Okay… are you ready?  Sure? Take a deep breath and let’s go…

Moms, Dads, Ministers… you cannot fight changing culture.

More than likely those elementary kids you love on today will be living into this reality in the near future.  Toddler’s intelligible babble will be tomorrow’s emoticons.  The change to a digital society stops for no man..or parent..or child.  It’s happening.

BUT

Moms, Dads, Ministers…you CAN fight for unchanging truth.

You can give your kids the unchanging foundation of Christ to build on no matter what come into their life in the future. No matter what screen they end up behind, no matter what digital relationships they find themselves in.  Even now, when they are very young, you can give them the tools, the gifts, the foundation they need to enter this digital world and not lose themselves.

Here’s a few practical ways you can do just that.

Help your kids create face-to-face relationships with real people.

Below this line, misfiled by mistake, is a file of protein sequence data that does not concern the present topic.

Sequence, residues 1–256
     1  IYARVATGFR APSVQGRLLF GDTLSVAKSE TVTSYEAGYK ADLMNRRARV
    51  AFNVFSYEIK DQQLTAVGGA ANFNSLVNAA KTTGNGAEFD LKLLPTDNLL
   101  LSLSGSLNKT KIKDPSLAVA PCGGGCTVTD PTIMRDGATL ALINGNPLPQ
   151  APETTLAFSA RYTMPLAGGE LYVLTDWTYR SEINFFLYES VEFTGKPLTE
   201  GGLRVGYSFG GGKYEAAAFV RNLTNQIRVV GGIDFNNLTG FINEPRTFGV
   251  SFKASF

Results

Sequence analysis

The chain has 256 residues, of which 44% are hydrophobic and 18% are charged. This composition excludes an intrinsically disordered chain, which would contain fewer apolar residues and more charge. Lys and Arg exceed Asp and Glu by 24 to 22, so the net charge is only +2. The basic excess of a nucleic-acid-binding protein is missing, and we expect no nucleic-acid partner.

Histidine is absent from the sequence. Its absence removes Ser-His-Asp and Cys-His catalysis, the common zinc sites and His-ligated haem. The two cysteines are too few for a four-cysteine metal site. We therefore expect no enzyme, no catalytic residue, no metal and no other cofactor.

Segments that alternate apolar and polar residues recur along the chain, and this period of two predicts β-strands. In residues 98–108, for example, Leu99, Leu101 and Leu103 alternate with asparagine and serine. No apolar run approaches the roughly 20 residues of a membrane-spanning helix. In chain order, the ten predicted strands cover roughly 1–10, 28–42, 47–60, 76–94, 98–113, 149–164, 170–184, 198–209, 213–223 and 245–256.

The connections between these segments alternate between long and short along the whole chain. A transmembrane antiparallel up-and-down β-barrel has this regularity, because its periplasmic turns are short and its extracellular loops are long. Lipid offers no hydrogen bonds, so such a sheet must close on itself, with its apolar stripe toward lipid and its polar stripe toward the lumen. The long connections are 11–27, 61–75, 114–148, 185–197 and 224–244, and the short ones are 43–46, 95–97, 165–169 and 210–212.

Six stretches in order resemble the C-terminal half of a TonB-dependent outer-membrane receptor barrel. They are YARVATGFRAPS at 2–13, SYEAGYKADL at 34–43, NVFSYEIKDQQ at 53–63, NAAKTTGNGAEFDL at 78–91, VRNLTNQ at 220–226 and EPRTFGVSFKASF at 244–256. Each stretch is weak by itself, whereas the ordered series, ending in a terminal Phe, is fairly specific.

That might sounds pretty basic, but the results of this study shows that it is not.  Encourage healthy friendships by welcoming your kid’s friends into your home and life.  Be aware of who they are hanging around with at school and preschool even when they are young. Host the playdates. Get to know the other parents.

In addition to children, help your kids find healthy relationships with other trusted adults in the church. Sticky Faith recommends a ratio of 5 adults/child in order to build a “sticky web” of relationships. Make face-to-face relationships a priority in your home.

Teach your kids how to have a conversation.

Remember when your “baby” said his/her first word and you just couldn’t believe he/she was talking?  Talking and conversing are not the same, and social media is a great place for talking but a terrible place for conversation.  Words are often blurted out without adequate thought given to the person on the other end of the screen.  But a conversation, when you are engaged with another person emotionally and intimately, takes awareness of the other person and thought given to the words you speak.

Take your kids out on dates and have conversations. Ask questions, listen for answers, participate in the dance that is dialogue. (Hint: Cheesecake Factory does awesome dates for parents with kids and even gives you conversation starters at the table! Chick-Fil-A regularly does date nights for parents and kids as well).